One of the many cultural experiences you enjoy while driving from Whitehorse to Vancouver is comparing and contrasting the highway strips in the towns along the way. They are a primer course in economics and human behaviour.
Paris may have the Rive Gauche and the Rive Droite, but only Fort Nelson has 50th Avenue North and 50th Avenue South. Will you cruise along one side of the Alaska Highway slaking your and your pickup’s appetites, or the other? Will it be Petro Canada, Boston Pizza and Motel 6? Or do you feel like A&W, Fas Gas Plus and Subway?
Fort St. John, on the other hand, has Alaska Road South and Alaska Road North. Will it be Esso, Burger King and Home2 Suites by Hilton? Or Chevron, McDonald’s and Super 8 Hotel?
Historically, Whitehorse has been an outlier. As Alaskans passing through during the pandemic on their way home from the Lower 48 have noticed, most commercial services require you to leave the highway and head downtown.
Indeed, the only thing Whitehorse has avoided more carefully than a commercial strip along the highway is commercial activity along the waterfront. There are businesses along the highway, but the Kopper King and Airport Chalet are too unique to be chains and too far apart to be a strip.
Now city council is entertaining a proposal to allow a drive-thru restaurant at 107 Range Road along the Alaska Highway. Proponents see convenience and development. Opponents see stripification and light pollution.
Debates over highway strips get emotional, quickly. Some think the rows of bright signs and truck tail lights are garish reminders that giant corporate chains have taken over the economy and moved it somewhere you can only get to in a truck. To these citizens, highway strips smell like diesel, money and urban sprawl.
They also tend to move the centre of commercial gravity of a town from its historic centre to the highway strip, for both locals and tourists. Land is cheaper, parking is free and often property taxes are lower too. Economic development consultants and those who like a vibrant small-town centre often despair at empty storefronts along the former main street.
Indeed, despite the 184-page Fort St. John Downtown Action Plan, I have to admit I haven’t been to downtown Fort St. John since the late Twentieth Century.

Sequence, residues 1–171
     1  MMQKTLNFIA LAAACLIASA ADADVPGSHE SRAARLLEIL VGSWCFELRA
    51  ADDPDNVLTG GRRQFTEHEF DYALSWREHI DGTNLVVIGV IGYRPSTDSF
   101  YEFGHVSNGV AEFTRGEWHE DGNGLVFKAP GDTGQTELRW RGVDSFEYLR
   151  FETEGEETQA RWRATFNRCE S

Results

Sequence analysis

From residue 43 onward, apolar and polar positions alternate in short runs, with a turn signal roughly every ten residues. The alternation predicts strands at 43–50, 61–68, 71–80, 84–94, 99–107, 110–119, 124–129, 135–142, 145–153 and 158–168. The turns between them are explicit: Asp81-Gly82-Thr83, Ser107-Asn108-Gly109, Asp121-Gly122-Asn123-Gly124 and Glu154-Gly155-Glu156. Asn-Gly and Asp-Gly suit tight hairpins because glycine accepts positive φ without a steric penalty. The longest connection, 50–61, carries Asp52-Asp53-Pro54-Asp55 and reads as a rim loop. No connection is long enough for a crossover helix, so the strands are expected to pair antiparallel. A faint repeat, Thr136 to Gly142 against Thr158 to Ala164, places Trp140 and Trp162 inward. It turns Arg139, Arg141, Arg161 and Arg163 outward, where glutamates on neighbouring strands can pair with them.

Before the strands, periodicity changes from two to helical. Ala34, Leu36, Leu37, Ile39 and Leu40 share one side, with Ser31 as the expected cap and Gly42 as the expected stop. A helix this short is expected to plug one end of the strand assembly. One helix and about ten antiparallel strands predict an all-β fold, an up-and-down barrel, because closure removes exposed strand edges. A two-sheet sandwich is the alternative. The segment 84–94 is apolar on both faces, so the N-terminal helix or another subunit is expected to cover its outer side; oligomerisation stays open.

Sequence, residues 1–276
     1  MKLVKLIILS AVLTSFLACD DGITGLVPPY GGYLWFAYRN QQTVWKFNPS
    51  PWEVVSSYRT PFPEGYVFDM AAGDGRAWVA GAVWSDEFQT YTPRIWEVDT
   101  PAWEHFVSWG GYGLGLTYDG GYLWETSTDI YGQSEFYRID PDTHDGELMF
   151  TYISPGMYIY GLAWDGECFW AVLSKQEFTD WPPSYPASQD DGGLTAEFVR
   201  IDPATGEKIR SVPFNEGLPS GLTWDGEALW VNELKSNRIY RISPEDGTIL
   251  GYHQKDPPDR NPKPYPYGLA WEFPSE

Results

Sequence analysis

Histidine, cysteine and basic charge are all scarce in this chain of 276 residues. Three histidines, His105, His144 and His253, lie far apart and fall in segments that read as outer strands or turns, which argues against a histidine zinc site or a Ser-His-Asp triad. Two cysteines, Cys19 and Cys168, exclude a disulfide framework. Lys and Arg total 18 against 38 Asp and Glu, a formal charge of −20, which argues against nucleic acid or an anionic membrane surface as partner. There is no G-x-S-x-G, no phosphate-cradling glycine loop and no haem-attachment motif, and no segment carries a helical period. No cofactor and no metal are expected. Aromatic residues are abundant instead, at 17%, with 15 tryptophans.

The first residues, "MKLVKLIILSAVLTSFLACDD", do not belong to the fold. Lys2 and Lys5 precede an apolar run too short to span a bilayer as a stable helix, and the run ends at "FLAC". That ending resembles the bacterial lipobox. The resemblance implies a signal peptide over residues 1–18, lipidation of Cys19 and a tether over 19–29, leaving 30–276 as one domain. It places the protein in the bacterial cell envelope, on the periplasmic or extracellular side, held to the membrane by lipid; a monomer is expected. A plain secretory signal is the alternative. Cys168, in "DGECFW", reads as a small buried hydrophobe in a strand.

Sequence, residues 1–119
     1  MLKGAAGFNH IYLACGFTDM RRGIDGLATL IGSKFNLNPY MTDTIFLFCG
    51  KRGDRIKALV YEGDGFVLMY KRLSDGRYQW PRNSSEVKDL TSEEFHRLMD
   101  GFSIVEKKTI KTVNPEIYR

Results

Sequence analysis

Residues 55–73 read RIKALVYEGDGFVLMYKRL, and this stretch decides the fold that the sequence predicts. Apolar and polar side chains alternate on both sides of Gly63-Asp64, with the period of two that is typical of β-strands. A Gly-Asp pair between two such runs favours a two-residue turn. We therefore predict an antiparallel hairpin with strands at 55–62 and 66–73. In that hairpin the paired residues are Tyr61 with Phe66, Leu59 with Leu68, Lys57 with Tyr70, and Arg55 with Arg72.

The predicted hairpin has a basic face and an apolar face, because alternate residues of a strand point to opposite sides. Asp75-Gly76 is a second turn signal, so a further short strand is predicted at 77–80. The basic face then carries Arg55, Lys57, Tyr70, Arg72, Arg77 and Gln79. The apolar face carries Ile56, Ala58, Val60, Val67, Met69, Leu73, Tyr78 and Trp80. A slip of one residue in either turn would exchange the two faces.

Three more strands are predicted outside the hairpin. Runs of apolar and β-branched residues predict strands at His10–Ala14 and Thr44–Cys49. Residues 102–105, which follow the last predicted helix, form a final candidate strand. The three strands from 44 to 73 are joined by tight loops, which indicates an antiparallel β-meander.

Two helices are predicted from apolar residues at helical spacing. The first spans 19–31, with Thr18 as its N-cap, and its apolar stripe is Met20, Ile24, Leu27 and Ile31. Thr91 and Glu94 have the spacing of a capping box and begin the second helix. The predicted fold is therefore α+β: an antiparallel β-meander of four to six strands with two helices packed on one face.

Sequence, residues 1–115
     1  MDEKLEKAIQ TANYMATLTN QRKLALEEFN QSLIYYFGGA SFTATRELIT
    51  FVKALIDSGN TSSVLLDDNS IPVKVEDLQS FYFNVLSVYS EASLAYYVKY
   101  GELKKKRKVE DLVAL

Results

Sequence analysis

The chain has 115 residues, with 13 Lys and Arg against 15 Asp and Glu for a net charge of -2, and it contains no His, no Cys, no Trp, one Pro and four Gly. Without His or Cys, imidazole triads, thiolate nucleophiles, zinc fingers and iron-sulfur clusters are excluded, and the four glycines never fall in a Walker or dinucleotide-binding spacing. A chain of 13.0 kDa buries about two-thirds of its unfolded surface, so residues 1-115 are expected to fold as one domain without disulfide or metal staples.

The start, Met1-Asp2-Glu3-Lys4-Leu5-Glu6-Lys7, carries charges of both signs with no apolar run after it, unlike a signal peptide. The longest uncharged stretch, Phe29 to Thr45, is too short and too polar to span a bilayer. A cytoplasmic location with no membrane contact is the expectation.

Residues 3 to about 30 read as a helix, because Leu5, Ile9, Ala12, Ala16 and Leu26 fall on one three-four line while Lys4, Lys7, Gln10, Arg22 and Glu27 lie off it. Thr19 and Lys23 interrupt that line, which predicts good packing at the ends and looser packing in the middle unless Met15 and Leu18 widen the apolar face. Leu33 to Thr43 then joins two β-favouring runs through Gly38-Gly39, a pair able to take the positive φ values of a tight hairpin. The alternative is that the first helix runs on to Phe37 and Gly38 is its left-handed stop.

Others find highway strips convenient and easy on the budget. And this isn’t just highway travellers. Fort St. John locals also find it convenient that food, gas, big box stores and even the casino are located right beside each other. And they know that, if the owners of Burger King and McDonald’s are staring at each other across the highway, they’ll probably be trying a bit harder on pricing and customer service. And if you use your hard-earned cash to buy land along a highway, they ask, why should your city council get to tell you whether you can build a drive-thru or not?
Both our highway cousins along the Alaska Highway make liberal use of frontage roads. You don’t turn right off the highway into the Fort St. John Burger King. You exit the highway and then cruise at a safer speed along Alaska Road South to the Home of the Whopper. On the other hand, in the old days in Whitehorse you could drive your truck directly from the Kopper King parking lot onto the highway with a gratifying spray of gravel.
The current reconstruction project on the Alaska Highway near the airport is in the spirit of Fort St. John rather than the Kopper King. Frontage roads will be on both sides of the highway. The controversial drive-thru will be where Range Road will serve as the frontage road.
As the News reported last week, zoning for another drive-thru at the Kopper King was approved back in 2017, although it hasn’t been built yet. And the Range Road lot at the centre of the debate was already approved for a restaurant, just not a drive-thru.
The traditional highway strip battle was between pro-development and anti-development groups, with downtown business interests generally keen on development but not more competition from places with cheaper real estate and property taxes.
Now two more things have spiced up the debate.
First, thanks to Whitehorse’s growth and limited bus schedules, most people live in suburbs and use a car to get downtown anyway. It would take fewer minutes of driving to get to an Alaska Highway strip than downtown.
Second, the city has declared a “climate emergency.” Highway strips are to internal combustion engines what swamps are to beavers; their natural habitat. However, it would be little more than a token gesture to block one highway drive-thru after we spent millions widening the highway and located our recreation centre, university and continuing care facility so far from the city centre. Furthermore, the climate argument will weaken as electric vehicles replace gas guzzlers. The Yukon’s plan is for 30 per cent of new vehicles to be electric by 2030, and this is a much slower adoption rate than many jurisdictions are planning.
It seems like more development along the Alaska Highway is coming to Whitehorse, but how big and how fast is still to be seen. We may see a rapid mushrooming of brightly coloured chain signs along the highway. Or the current controversy may choke off the trend.
Or we may compromise, with a few more chain outlets but less than a full strip like our cousin cities. This might actually be good news for the people who own the already-zoned lots. If there is one thing more profitable than a chain business on a busy highway, it’s a chain business on a busy highway without any competition across the road.
Keith Halliday is a Yukon economist and author of the MacBride Museum’s Aurore of the Yukon series of historical children’s adventure novels. He is a Ma Murray award-winner for best columnist and received the bronze for Outstanding Columnist in the 2019 Canadian Community Newspaper Awards.